There is a treasure that lies within buried in the darkness and often messiness of the soul. To discover it one must be willing to enter the door of the castle through prayer and descend into the deeper regions. As we proceed further, fears, doubts and discouragements can tempt us to turn back. This is the asceticism of discipline, applied to the diamond in the rough, where we either grow in faith and continue to move forward or return to our former reliance on our own reasoning. If we do not persevere the treasure will continue to lie buried and undiscovered.
The artisan must determine the perfect proportions of a diamond before cutting in order to allow it to give off more sparkle. This is a delicate procedure that requires optimal skills as well as scientific knowledge and experience in order to produce a jewel of visually engaging beauty. Diamonds are highly valued and treasured in all cultures and countries. Of all the gems available, the diamond is still one of the most desired and cherished and the diamond engagement ring is the accepted standard to symbolize love and commitment.
Mansions 4 and 5:
This part of our journey takes us into the mystical realm where the cutting tool becomes grace in which the role of the Holy Spirit is more prominent than is our own striving. Human efforts alone cannot bring this about. In any cutting process something is lost in order to enhance what remains. The inability to pray as one did formerly is now replaced by an infused understanding of God which has deepened our capacity to love Him.
Just as the diamond has special optical properties which reflect the brilliance of the light optimized by the cutting, so also in the fifth mansion the memory and the imagination are completely illuminated by the divine light.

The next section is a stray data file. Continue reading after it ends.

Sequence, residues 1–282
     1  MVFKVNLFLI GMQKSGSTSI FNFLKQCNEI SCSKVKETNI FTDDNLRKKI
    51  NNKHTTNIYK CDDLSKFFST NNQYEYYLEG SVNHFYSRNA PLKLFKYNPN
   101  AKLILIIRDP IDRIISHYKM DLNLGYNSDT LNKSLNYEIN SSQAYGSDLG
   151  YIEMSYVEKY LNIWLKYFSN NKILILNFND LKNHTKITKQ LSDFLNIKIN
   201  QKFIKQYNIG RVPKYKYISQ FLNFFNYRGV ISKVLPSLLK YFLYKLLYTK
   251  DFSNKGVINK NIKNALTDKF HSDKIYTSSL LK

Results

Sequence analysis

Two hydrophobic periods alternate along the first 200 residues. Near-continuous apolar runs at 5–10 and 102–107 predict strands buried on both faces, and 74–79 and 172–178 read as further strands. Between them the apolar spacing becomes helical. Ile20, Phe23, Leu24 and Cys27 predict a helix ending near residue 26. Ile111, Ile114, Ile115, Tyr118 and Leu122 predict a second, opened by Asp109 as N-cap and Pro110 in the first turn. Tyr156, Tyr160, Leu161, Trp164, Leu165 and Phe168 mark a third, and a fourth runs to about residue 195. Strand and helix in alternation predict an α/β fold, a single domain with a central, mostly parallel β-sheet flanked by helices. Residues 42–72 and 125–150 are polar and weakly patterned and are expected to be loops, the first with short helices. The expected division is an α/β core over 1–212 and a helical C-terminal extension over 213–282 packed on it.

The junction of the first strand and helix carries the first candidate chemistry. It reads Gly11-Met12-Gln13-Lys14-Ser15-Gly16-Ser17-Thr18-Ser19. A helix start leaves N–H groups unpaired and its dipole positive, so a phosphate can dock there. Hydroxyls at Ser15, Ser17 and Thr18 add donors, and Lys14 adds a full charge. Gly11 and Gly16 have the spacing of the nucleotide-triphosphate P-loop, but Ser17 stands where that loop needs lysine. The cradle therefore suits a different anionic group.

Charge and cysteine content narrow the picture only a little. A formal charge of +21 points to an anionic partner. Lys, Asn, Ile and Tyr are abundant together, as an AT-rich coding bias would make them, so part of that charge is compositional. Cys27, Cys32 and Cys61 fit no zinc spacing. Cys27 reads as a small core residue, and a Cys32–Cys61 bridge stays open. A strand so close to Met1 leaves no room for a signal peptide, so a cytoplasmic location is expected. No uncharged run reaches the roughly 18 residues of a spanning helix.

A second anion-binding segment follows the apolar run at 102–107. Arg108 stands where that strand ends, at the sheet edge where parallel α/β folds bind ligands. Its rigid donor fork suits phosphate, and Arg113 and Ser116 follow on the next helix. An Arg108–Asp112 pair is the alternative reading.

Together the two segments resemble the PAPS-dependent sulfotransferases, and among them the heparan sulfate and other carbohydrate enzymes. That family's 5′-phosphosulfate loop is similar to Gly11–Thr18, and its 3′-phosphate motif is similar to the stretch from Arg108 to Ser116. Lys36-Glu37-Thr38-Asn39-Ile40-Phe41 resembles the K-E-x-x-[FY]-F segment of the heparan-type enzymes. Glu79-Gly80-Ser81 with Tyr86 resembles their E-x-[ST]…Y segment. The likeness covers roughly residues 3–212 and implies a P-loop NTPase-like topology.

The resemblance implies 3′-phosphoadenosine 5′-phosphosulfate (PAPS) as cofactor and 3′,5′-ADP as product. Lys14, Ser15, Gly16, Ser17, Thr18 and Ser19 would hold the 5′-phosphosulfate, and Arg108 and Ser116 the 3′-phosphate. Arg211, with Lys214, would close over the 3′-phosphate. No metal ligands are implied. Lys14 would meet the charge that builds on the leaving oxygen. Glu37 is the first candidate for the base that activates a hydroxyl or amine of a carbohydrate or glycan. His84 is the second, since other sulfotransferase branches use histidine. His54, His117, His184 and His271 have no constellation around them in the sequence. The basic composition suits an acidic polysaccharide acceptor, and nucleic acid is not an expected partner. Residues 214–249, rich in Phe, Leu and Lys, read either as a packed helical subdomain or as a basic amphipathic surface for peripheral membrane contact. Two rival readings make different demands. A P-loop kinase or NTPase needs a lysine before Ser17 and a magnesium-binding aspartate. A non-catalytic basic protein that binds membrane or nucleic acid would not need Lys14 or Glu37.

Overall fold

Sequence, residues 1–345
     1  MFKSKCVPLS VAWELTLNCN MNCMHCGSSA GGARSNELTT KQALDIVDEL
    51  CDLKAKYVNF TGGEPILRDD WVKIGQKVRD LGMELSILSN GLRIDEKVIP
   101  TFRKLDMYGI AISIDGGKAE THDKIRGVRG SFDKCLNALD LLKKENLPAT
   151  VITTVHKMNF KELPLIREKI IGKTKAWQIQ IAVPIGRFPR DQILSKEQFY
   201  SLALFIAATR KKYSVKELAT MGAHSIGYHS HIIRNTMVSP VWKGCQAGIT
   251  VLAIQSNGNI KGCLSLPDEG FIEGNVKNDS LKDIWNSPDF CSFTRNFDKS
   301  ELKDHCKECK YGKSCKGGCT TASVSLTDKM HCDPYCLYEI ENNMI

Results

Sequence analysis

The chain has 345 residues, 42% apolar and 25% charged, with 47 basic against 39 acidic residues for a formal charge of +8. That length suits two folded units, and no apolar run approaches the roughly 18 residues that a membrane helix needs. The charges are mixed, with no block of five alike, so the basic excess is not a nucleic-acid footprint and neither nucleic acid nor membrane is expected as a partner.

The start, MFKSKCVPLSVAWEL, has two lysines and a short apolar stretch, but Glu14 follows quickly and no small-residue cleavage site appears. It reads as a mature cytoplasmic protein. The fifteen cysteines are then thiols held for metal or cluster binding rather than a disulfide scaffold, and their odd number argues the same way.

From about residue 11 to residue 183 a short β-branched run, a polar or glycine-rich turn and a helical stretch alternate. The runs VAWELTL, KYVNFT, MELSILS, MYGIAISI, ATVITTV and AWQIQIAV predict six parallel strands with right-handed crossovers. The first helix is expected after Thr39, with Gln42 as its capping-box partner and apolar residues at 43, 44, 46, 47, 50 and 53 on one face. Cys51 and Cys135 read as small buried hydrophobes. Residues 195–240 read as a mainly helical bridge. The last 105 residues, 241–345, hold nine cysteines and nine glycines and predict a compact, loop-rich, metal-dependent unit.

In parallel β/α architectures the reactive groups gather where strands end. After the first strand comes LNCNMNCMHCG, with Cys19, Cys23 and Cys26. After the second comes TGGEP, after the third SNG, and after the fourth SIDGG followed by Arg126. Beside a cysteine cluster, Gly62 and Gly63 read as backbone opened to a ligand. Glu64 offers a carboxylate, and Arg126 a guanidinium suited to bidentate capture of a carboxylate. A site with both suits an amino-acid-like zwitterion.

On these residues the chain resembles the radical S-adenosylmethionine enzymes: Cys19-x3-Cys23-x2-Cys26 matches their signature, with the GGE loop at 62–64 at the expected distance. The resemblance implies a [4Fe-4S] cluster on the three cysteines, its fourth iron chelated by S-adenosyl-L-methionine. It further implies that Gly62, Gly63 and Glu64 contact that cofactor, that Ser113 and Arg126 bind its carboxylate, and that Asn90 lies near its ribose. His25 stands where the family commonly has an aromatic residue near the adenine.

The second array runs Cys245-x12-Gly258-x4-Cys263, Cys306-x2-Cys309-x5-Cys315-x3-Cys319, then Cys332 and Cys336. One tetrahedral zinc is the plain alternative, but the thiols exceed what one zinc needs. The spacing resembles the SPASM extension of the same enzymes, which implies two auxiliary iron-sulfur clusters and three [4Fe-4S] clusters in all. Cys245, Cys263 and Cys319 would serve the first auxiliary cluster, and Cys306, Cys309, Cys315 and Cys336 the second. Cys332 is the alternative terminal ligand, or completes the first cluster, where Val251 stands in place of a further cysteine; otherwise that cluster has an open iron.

The term polish refers to the removal of any blemishes on the surface of the diamond, which might become scratched or nicked in the cutting process. Polishing improves the quality of the diamond giving it the luster that has made it so prized among gems.
Mansions 6 and 7:
Just as the diamond received its final touches, so the soul also in these last two mansions, where the Holy Spirit penetrates more deeply, allows self-knowledge to become fully manifested. Self-knowledge brings with it humility which eventually allows the soul to be open enough to permit God full reign. The spiritual betrothal, which takes place in mansion six, engenders in the soul a greater confidence.
As the diamond reflects eternal love, so His Majesty residing in the inner chamber of the seventh mansion is the Eternal Love drawing the soul into this inner sanctum of His abiding presence where it is transfigured and rests in God through the spiritual marriage. In this community of divine love is expressed also one’s love of neighbor.
Just as a diamond gives great delight to the one who receives it, Teresa, at the end of her work on the Mansions, speaks of the great delight that one has who has explored the inside of the diamond of the Interior Castle.
What is an earthly diamond compared to the Diamond of the Interior Life?
By Sister Mary Colombiere, O.C.D.
Carmelite Sisters of the Most Sacred Heart of Los Angeles